After Deadly Raid, Yemen Bans U.S. Ground Missions Against Terrorist Targets

Yemeni protesters condemn U.S. drone attacks in Sanaa on April 24, 2014. Photo: MOHAMMED HUWAIS/AFP/Getty Images

The fallout from a U.S. raid in Yemen that killed one Navy SEAL and a number of civilians continued on Tuesday. The New York Times reported that Yemen has withdrawn permission for the U.S. to conduct ground missions against terrorist targets in the country.

Yemen will still allow U.S. drone attacks, and the decision does not affect American military advisers providing support in Yemen. Drone strikes were previously halted for a time in 2014 after several operations that killed civilians.

Yemenis were incensed by photos of children killed in the 50-minute firefight. Nawar Al-Awlaki, the 8-year-old daughter of American Al Qaeda leader Anwar Al-Awlaki, was reportedly among those killed in the attack. It’s unclear if the Trump administration’s decision to temporarily ban immigrants from Yemen factored into the decision.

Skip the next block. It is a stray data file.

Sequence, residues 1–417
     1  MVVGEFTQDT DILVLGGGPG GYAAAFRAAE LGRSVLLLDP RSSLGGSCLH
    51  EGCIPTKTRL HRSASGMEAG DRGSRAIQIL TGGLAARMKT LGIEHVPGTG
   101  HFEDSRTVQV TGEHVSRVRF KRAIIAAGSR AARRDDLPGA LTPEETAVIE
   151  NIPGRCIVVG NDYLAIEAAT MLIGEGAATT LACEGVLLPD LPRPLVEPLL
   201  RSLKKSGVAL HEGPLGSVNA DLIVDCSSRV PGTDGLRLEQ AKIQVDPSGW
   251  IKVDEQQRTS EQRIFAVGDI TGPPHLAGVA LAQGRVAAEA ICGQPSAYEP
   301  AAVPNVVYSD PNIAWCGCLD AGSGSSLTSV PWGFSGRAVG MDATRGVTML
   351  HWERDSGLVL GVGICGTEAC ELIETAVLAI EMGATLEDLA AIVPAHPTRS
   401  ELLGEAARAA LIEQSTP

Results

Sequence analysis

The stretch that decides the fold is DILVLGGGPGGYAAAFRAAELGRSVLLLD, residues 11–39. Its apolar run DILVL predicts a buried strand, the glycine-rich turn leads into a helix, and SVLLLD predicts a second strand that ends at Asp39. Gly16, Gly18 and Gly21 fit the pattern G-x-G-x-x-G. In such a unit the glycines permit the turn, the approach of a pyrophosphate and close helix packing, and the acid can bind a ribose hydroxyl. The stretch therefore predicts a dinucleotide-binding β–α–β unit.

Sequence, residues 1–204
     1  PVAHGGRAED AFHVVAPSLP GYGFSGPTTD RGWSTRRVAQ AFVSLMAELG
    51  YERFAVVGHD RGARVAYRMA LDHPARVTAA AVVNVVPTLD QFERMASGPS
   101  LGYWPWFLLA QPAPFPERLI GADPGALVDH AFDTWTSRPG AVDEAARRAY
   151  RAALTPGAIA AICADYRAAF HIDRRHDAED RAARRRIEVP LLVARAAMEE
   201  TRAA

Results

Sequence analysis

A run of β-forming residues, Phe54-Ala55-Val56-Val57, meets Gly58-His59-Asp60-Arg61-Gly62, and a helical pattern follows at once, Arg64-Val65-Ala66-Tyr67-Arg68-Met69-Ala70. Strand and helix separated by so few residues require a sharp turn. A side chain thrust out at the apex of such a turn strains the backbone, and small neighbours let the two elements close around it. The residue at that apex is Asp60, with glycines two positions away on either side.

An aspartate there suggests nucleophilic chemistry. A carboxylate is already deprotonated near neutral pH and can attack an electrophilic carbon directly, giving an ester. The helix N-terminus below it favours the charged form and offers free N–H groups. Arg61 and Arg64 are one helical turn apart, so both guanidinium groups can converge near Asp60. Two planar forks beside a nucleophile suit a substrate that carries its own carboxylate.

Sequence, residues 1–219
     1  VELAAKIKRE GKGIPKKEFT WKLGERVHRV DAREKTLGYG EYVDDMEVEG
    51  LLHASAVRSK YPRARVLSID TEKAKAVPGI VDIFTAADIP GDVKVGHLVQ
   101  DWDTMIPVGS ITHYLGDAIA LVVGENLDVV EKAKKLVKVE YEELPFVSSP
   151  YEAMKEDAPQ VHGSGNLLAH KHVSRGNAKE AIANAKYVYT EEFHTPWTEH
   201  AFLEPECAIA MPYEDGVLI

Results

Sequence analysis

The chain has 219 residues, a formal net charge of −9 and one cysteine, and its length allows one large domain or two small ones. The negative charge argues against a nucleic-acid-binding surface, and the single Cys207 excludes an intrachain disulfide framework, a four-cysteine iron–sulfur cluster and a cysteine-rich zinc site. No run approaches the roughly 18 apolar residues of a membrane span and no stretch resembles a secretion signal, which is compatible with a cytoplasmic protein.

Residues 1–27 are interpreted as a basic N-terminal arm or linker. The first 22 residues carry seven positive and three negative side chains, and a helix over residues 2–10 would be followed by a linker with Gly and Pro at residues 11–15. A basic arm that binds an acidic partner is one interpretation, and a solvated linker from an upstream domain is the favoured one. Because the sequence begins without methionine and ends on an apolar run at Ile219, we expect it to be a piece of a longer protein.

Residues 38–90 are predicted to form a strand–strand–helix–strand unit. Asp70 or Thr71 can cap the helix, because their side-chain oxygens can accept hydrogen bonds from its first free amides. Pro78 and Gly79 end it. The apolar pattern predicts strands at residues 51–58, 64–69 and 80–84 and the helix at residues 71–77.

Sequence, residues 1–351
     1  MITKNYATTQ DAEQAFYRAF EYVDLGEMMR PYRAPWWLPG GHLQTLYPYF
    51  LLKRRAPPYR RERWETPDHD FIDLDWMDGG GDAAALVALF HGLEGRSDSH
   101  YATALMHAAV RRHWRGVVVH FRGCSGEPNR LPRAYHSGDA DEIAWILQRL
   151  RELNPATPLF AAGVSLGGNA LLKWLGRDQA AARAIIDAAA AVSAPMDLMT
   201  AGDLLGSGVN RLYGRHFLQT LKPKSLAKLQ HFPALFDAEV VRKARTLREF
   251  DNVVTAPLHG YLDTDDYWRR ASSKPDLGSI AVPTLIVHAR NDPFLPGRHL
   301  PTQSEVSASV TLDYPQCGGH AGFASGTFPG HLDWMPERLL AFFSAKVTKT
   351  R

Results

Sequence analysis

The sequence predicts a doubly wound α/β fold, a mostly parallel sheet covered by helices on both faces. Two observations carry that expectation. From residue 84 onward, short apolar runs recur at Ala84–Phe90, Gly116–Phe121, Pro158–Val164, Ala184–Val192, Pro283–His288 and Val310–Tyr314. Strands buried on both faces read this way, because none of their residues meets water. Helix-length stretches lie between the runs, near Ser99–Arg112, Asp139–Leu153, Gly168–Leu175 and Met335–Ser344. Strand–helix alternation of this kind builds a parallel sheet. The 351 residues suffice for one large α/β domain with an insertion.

Nearly everything went wrong during the operation. Al Qaeda fighters seemed to know U.S. forces were coming, and a MV-22 Osprey had to be destroyed after a hard landing. Last weekend, Qassim al-Rimi, the head of Al Qaeda in the Arabian Peninsula, released a recording taunting President Trump, and NBC News reported that he was the mission’s real target. Trump has taken flak for authorizing the mission over dinner, and anonymous U.S. military sources accused him of giving the go-ahead without sufficient support in place.

On Tuesday, White House Press Secretary Sean Spicer denied that the purpose of the mission was to target a specific Al Qaeda leader. “The raid that was conducted in Yemen was an intelligence-gathering raid,” Spicer said. “It was highly successful. It achieved the purpose it was going to get, save the loss of life that we suffered and the injuries that occurred.”

However, Senator John McCain, chair of the Armed Services Committee, had a more pessimistic characterization of the raid. Following a classified briefing on Tuesday, he initially called the operation a “failure.” Later he dialed back his assessment.

“Every military operation has objectives. And while many of the objectives of the recent raid in Yemen were met, I would not describe any operation that results in the loss of American life as a success,” McCain said in a statement. “Going forward, I am confident that our military will act on lessons learned from this operation to strengthen our fight against our terrorist enemies.”

After Raid, Yemen Bans U.S. Missions Against Terrorists